We are following the treatment in the on-line 'African Plant Database'[
], which treats Neorautanenia amboensis as a synonym of this species. Some other treatments, however, maintain the two taxons as distinct. If treated as distinct, the pesticidal properties apply equally to each species[
Cacara orbicularis (Welw. ex Baker) Hiern
Dolichos ellenbeckii Harms
Dolichos mitis A.Rich.
Dolichos orbicularis (Welw. ex Baker) Baker f.
Dolichos pseudopachyrhizus Harms
Dolichos seineri Harms
Neorautanenia amboensis Schinz
Neorautanenia edulis C.A.Sm.
Neorautanenia orbicularis (Welw. ex Baker) Torre
Neorautanenia pseudopachyrhiza (Harms) Milne-Redh.
Neorautanenia seineri (Harms) C.A.Sm.
Pachyrhizus orbicularis Welw. ex Baker
Pueraria hochstetteri Chiov.
Neorautanenia mitis is a very variable, subshrubby herb growing from a large, tuberous rootstock; it produces stems 2 metres or more long that can be erect, climbing, scrambling or entirely prostrate[
]. The rootstock is often conical, frequently more than 40 cm long and can weigh 10 - 15 kg[
The plant is harvested from the wild for local use as a medicine, and is also used as an insecticide.
The roots contain saponins and have been used as a fish poison[
Although poisonous, saponins are poorly absorbed by the human body and so most pass through without harm. Saponins are quite bitter and can be found in many common foods such as some beans. They can be removed by carefully leaching in running water. Thorough cooking, and perhaps changing the cooking water once, will also normally remove most of them. However, it is not advisable to eat large quantities of raw foods that contain saponins. Saponins are much more toxic to some creatures, such as fish, and hunting tribes have traditionally put large quantities of them in streams, lakes etc in order to stupefy or kill the fish[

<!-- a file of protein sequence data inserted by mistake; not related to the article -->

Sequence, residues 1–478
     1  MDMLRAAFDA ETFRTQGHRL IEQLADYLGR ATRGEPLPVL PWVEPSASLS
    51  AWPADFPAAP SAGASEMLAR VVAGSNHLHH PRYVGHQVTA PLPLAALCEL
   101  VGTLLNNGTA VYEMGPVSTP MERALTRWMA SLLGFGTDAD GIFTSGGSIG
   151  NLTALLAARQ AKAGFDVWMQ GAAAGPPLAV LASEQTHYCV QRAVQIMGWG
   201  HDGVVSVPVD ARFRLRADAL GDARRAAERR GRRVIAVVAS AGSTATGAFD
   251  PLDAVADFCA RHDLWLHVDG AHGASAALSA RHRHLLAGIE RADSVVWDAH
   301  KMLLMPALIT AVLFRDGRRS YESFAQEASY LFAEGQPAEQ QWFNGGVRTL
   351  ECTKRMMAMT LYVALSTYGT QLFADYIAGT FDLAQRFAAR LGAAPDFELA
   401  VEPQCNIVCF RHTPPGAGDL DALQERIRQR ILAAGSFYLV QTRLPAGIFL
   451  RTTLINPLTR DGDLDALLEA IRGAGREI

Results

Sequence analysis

Tropical Africa - Cote D'Ivoire to Somalia, south to Namibia, northern S. Africa and Mozambique.
Drier areas of Africa, in grassland, bushland and open woodland, often in rocky places[
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Neorautanenia mitis is a plant of drier tropical areas of Africa, south from subsaharan regions.
Requires a well-drained soil and a position in full sun[
This species has a symbiotic relationship with certain soil bacteria; these bacteria form nodules on the roots and fix atmospheric nitrogen. Some of this nitrogen is utilized by the growing plant but some can also be used by other plants growing nearby[
An alcohol decoction of the tuberous root is used in the treatment of scabies and has been found to be 100% effective against mites in humans[
]. Other ethnomedicinal uses of the root include the treatment of dysmenorrhea, employed as a cold-water decoction, neuropsychiatric disorders, and as an anticonvulsant[
Studies have also shown that the methanol root extract of this plant possesses antinociceptive activity that may be both peripherally and centrally mediated[
A methanol extract of the powdered root possesses central effects that are sedative in nature. The study has therefore provided scientific evidence to show central depressant effects of this plant, thereby scientifically explaining and corroborating the traditional use of this plant, as well as confirming the presence of potentially useful pharmacologically active principles[
The leaves and roots are used as an insecticide[
A decoction of the tuberous roots has been used for removing ticks from sheep and goats[
An alcoholic extract of the roots has sometimes been efficient as a pesticide on the bean aphid, but were not reliable. The roots are not of commercial interest, but could be of value locally[
Petroleum extracts of the plant have been shown to be effective in restricting the infestation of wheat grain and shelled maize by insect pests[
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